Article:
Monday, 13 November 2017

Top reasons permanent residence applications are rejected or refused


We thought it would make a good post for European / EEA citizens and their family members.The page offers a list of reasons, although they are quite generic, such as no signature on the form or no correct fee paid. So, we thought we would expand on the subject and add most common non-admin reasons, ie most common eligibility-related reasons.

In descending order:

#5 Students being unaware of the health insurance requirement, which was – unfairly and unusually – applied retrospectively. This rule was added in June 2011, yet it refers to those studying even before that.

#4 Believing (wrongly) that this application is based on the last 5 years, ie 5 years immediately prior to the date of application. It would have been the case with a PR application under the UK law, however, under the European law it can be any 5 consecutive years ending 30 April 2006. For example, November 2009 – November 2014. So, if you have doubts about last 5 years (maybe a break in work) but don’t provide evidence of working before that, it may lead to a refusal of what otherwise could have been a successful application.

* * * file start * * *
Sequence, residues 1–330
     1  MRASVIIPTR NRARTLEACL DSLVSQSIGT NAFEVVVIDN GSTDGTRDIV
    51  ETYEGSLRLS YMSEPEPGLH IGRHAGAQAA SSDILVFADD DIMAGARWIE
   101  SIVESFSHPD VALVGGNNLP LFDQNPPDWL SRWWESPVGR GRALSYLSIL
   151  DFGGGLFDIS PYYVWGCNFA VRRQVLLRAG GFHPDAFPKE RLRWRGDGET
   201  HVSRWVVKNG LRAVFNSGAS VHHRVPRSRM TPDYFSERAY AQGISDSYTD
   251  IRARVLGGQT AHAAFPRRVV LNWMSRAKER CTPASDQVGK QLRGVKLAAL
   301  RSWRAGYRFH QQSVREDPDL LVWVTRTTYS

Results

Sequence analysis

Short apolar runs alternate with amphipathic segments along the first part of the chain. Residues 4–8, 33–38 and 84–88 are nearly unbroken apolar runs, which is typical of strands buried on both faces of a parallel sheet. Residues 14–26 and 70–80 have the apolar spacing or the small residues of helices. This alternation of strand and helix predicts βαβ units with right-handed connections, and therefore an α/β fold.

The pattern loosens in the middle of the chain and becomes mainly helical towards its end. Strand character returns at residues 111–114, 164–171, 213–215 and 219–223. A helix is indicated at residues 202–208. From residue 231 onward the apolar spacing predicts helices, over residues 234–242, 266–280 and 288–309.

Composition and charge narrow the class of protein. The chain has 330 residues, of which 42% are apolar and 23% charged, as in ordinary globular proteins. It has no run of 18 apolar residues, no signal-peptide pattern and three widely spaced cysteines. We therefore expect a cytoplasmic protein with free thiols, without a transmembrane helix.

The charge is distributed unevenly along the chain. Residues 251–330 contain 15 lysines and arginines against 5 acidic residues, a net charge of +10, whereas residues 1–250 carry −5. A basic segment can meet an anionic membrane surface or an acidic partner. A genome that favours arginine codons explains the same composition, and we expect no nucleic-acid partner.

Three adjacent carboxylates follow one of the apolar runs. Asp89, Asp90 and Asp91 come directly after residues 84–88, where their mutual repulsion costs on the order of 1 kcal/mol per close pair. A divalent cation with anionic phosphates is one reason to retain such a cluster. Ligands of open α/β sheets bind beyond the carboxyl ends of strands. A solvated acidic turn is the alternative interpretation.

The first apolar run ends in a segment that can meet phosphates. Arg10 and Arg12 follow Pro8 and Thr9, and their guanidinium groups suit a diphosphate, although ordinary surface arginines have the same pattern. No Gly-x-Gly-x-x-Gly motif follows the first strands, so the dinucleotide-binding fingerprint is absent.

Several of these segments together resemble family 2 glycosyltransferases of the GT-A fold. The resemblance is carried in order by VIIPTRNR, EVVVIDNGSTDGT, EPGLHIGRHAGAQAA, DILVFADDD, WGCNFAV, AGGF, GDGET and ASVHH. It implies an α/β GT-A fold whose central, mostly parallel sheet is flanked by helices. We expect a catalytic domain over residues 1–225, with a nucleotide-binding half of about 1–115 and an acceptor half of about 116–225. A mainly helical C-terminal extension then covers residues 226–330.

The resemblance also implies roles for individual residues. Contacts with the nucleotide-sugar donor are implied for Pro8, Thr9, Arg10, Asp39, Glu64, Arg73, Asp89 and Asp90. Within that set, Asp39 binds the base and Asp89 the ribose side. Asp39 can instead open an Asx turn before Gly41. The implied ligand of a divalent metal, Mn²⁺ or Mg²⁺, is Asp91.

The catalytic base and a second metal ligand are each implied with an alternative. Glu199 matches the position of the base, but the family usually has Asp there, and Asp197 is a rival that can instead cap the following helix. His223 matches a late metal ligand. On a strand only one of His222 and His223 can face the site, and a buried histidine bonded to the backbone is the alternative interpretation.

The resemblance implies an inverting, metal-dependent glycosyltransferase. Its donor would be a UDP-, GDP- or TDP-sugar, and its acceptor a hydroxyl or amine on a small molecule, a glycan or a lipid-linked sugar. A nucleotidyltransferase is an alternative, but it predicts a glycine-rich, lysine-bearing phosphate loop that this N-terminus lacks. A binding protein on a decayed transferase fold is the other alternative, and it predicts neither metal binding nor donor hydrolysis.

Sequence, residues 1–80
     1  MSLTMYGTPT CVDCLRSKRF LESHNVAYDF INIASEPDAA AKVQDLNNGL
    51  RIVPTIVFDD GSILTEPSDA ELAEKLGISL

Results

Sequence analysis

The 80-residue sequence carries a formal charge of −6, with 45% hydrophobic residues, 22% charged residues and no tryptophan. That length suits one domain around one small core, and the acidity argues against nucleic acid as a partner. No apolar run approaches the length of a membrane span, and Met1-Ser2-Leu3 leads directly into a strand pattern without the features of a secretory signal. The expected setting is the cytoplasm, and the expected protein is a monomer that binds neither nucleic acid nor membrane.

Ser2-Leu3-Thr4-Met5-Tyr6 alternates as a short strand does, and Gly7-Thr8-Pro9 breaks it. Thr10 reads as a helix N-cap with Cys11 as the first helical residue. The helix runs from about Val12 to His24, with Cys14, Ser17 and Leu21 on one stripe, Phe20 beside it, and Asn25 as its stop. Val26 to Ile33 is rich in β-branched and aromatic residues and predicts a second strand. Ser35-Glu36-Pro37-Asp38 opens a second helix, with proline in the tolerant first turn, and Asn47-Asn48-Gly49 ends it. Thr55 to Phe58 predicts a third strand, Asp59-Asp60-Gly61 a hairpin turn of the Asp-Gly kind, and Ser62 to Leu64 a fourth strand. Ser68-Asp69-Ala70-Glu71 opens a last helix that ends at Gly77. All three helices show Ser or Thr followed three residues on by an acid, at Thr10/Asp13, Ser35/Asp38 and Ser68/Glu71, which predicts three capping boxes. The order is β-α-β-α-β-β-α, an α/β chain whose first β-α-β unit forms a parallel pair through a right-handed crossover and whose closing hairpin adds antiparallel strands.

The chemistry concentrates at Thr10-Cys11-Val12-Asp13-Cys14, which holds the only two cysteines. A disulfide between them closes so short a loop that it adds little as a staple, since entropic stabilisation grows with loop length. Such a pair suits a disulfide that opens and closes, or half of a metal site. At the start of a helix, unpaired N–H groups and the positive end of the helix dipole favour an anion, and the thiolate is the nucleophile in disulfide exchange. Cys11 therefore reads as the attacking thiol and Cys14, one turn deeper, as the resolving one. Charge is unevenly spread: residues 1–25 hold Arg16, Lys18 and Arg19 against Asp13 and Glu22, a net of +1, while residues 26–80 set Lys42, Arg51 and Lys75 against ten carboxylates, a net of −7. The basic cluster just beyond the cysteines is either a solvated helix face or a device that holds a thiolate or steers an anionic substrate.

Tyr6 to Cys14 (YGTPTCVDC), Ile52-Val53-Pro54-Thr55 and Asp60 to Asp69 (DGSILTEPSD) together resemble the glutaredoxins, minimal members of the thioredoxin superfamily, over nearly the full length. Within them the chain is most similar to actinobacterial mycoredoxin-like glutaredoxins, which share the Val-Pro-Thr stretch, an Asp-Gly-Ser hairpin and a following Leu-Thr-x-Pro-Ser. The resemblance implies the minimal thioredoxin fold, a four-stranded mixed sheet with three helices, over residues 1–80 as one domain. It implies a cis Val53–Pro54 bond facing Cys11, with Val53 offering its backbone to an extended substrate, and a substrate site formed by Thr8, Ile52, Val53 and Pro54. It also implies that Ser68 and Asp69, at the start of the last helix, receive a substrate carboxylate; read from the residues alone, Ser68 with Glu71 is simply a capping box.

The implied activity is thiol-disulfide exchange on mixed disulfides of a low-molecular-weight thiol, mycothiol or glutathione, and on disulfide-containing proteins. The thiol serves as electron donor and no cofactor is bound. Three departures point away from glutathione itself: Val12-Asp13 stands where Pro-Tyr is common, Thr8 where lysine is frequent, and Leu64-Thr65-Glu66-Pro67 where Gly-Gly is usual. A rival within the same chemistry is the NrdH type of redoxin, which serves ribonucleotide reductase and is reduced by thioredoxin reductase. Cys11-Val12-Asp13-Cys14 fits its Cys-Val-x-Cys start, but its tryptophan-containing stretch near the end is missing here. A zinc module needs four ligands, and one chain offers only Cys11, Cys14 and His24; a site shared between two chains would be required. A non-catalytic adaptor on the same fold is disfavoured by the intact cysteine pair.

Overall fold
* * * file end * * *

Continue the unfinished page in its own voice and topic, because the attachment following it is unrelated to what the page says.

#3 Applying too early for a family member’s PR. Very often we see, say, a Romanian couple where one spouse came to the UK and started working, then the other spouse joined, say, a year later. The 1st spouse can apply first but the other would have to wait for another year (or they can both wait and apply together – not a good plan at the moment with uncertainty over Brexit).

#2 Being unaware that the rights of residency in the UK cover the EEA citizens in the sense that it is their economic activities being examined during the PR application – and not those of the family members. For example, a Brazilian spouse of a Polish citizen is applying for a PR but the application would (fundamentally, not solely) be based on the Polish spouse’s work in the UK. It makes a big difference (and often “breaks” the deal) if the Polish spouse took time off work while the Brazilian one continues to work and provide for both of them (doesn’t matter if hadn’t claimed benefits etc).

#1 – “the winner” – confusing “5 years of residence” rule with the real rule of “5 years of residence in accordance with the EEA Regulations”. In simple terms it means 5 years of working, for example, and not just 5 years of being in the UK. Very often we have clients who had a long break between jobs (including for childbirth reasons) or breaks between studying and working etc.   

Our advice to the European citizens remains the same: apply to formally confirm your immigration status now!

For individual advice or to make an application please contact us info@1st4immigration.com or visit http://www.1st4immigration.com/index.php  We respond emails on the same working day! 1st 4Immigration Ltd, authorised by the OISC, ref 200800152. we operate at the highest Level 3 of expertise. Office address: 68 King William Street, City of London, London, EC4M 7DZ.